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Life after consultancy

 
#1 Life after consultancy
01/03/2016 22:24

Bushy Ass Manager

Hi.

I have been in EY Advisory (ITA) for two years now at the manager level. As an experienced hire, I have to say it's been interesting in many ways. A lot of bright, nicely dressed people with fine-polished PPTs longing for their partner status (some even act like partners at the consultant level). I always wanted to be in a BIG 4 company, but in many senses I feel the time is up to move on now pretty soon as I am street-smart enough to understand the risk/reward ratio is not very attractive.

What ultimately amazes me is that so many intelligent people actually work their ass off believeing in the "partner dream". Come on guys - do the math ? What's the partner to employee ratio in your office ? I surely won't spend 10 years working my ass off with below-average pay and a cheap pension-scheme only to be appreciated with a cake on my way out.

So I am thinking about moving to the industry (having spent close to 10 years in the consulting).

So what is life after consultancy guys ? Give me some real-life (and near-death) experiences ! Do you really take a hit financially by moving to the industry (both short and long-term) ? $$ is important, but not at any price !

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#2 RE: Life after consultancy
02/03/2016 00:52

Bushy Eyebrow Partner to Bushy Ass Manager (#1)

Hehe, I like you a lot!! Please stay in consultancy, we need more people like you...! The main reason for moving into industry is usually to work more of a 9 to 5. One gets to a certain age where swigging the corporate kool-aid about how you're a master of the universe and having to be subject to super-demanding appraisals every 2 months simply loses its appeal. The glamour of doing all-nighters with a slow, dysfunctional team and the thrill of pleasing "The Client" becomes less important than getting home on time to have tea with the family and to catch up on "Motorway Cops: New Zealand".

You know, you can actually have those things in consulting too. The trick is to stop drinking the corporate kool-aid and avoid associating with people who use phrases like "The Firm". Just do a good job, go home at 5.30pm, and stop giving a rat's ar5e about what others think. Utterly reject presenteeism but do a good honest day's work. Avoid the freshly-minted MBAs and the new-to-consultancy types who will be gone after a year or two and forge some close relationships with people who matter and who themselves have been around the block a few times. Many of the senior people typically can't stand corporate BS either. Charge clients more to put the risk-reward ratio back in balance (it's not as difficult as one often might think) and consider joining a small company... small companies are great!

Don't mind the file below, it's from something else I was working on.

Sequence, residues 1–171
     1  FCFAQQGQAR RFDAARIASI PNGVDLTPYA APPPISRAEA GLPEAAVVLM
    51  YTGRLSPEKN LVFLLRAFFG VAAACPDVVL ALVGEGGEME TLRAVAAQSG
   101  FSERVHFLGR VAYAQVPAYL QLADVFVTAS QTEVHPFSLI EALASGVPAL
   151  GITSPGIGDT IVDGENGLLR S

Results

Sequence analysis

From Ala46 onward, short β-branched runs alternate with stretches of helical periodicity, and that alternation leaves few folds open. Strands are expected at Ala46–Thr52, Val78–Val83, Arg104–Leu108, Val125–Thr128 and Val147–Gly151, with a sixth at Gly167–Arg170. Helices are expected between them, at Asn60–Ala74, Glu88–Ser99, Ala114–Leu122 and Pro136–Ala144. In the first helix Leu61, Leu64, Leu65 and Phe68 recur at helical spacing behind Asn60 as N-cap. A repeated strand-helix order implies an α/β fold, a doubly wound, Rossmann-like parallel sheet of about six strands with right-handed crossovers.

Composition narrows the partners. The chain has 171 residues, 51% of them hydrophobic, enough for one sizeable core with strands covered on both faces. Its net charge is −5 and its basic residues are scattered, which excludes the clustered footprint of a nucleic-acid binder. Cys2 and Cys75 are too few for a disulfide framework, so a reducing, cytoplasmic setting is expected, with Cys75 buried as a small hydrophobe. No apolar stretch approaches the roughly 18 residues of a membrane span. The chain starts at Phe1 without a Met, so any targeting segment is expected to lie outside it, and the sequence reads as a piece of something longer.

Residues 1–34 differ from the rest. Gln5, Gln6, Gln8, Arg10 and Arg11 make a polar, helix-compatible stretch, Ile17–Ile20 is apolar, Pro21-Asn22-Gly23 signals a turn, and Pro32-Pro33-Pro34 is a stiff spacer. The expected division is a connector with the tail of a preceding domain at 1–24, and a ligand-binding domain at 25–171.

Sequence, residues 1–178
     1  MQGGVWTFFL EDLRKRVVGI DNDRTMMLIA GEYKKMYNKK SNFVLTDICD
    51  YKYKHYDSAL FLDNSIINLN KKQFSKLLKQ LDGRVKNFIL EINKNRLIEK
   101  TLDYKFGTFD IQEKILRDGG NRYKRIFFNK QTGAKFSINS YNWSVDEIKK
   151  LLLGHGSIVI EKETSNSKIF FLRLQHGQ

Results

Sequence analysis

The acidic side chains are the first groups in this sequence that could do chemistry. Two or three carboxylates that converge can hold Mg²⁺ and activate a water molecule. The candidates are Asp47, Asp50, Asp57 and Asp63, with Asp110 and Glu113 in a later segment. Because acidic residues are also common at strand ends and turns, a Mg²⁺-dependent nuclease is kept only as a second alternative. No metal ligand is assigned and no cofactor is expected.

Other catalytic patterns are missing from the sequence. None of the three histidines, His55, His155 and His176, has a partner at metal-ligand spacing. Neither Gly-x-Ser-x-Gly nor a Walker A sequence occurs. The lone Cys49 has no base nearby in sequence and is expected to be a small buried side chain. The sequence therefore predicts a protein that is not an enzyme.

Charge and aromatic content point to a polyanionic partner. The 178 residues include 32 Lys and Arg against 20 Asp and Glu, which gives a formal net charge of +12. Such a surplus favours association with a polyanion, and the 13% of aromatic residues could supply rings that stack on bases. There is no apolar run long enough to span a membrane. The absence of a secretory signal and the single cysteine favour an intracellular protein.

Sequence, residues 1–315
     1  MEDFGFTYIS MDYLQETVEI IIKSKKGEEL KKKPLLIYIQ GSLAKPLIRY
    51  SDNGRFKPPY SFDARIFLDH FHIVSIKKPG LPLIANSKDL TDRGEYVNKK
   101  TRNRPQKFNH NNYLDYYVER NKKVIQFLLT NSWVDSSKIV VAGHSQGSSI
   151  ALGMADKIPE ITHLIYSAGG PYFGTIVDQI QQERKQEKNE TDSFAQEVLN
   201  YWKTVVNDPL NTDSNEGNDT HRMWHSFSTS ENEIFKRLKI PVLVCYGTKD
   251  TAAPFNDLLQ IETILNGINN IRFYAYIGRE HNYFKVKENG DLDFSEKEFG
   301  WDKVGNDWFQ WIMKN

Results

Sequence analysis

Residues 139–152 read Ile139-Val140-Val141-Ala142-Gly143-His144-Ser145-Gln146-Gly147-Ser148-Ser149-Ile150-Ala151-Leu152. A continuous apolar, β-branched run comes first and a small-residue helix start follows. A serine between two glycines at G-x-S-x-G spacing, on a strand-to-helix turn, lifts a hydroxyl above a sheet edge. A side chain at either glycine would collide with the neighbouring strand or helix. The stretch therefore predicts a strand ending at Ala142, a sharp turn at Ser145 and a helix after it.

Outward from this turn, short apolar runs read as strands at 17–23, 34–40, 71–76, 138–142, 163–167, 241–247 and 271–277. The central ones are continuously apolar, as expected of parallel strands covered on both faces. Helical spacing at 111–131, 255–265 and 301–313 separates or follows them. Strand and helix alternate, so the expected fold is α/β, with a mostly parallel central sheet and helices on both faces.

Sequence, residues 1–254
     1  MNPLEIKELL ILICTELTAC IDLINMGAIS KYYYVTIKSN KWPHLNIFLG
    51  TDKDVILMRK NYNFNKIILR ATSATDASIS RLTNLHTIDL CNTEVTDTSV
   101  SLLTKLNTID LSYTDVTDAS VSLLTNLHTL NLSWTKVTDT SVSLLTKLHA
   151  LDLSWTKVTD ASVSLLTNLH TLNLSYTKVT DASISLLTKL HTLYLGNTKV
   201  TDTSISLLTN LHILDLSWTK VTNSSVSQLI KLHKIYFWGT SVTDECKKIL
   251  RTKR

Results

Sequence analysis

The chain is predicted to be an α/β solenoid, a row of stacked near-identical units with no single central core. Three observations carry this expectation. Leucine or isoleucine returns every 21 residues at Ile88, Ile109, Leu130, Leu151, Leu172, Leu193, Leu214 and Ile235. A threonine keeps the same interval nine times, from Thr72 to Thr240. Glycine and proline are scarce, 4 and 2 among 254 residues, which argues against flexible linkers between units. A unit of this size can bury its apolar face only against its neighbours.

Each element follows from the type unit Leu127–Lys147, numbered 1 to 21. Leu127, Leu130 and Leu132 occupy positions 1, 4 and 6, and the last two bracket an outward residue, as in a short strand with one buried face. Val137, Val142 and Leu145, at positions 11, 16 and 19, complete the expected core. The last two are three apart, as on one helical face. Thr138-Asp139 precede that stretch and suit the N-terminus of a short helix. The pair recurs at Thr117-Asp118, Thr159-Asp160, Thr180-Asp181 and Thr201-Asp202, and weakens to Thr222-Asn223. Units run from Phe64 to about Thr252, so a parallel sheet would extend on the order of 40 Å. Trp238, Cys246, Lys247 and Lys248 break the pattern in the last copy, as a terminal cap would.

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#3 RE: Life after consultancy
02/03/2016 09:28

Frio to Bushy Eyebrow Partner (#2)

BEP hits the nail on the head, although I'm a bit worried about his dysfunctional offspring popping up on the board. Stinks of corporate nepotism ;)

Around 5 months ago, I decided I'd had enough of working in the Big 4 Advisory company that I work for.. I was working ridiculous hours, got a rubbish bonus and pay rise. So I decided to look elsewhere - but only for the right job. As a result I stopped doing all the stuff I didn't like doing, started focusing on talking with people about my subject matter interest. I've been asked as a result to speak to their clients about it and have sold a couple of large pieces of work, got a team of really good people working for me and I've started enjoying life again in the Big 4 Advisory company that I work for.